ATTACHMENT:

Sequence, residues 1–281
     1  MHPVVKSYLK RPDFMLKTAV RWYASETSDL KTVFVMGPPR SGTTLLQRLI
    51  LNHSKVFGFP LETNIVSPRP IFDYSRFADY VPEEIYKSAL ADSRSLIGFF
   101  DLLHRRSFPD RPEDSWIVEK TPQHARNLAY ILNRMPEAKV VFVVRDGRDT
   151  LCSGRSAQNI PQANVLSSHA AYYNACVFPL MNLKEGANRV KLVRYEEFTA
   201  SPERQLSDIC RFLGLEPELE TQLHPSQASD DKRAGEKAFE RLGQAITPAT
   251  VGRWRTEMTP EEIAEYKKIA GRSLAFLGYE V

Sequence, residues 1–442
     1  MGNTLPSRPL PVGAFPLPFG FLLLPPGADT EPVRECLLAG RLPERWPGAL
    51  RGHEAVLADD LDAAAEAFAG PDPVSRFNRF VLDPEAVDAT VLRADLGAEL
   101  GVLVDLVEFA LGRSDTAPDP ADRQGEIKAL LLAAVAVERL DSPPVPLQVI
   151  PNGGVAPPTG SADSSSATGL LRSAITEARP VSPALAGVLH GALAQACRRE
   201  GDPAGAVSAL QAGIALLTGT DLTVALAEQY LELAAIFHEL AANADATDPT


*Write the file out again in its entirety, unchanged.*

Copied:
Sequence, residues 1–281
     1  MHPVVKSYLK RPDFMLKTAV RWYASETSDL KTVFVMGPPR SGTTLLQRLI
    51  LNHSKVFGFP LETNIVSPRP IFDYSRFADY VPEEIYKSAL ADSRSLIGFF
   101  DLLHRRSFPD RPEDSWIVEK TPQHARNLAY ILNRMPEAKV VFVVRDGRDT
   151  LCSGRSAQNI PQANVLSSHA AYYNACVFPL MNLKEGANRV KLVRYEEFTA
   201  SPERQLSDIC RFLGLEPELE TQLHPSQASD DKRAGEKAFE RLGQAITPAT
   251  VGRWRTEMTP EEIAEYKKIA GRSLAFLGYE V

Sequence, residues 1–442
     1  MGNTLPSRPL PVGAFPLPFG FLLLPPGADT EPVRECLLAG RLPERWPGAL
    51  RGHEAVLADD LDAAAEAFAG PDPVSRFNRF VLDPEAVDAT VLRADLGAEL
   101  GVLVDLVEFA LGRSDTAPDP ADRQGEIKAL LLAAVAVERL DSPPVPLQVI
   151  PNGGVAPPTG SADSSSATGL LRSAITEARP VSPALAGVLH GALAQACRRE
   201  GDPAGAVSAL QAGIALLTGT DLTVALAEQY LELAAIFHEL AANADATDPT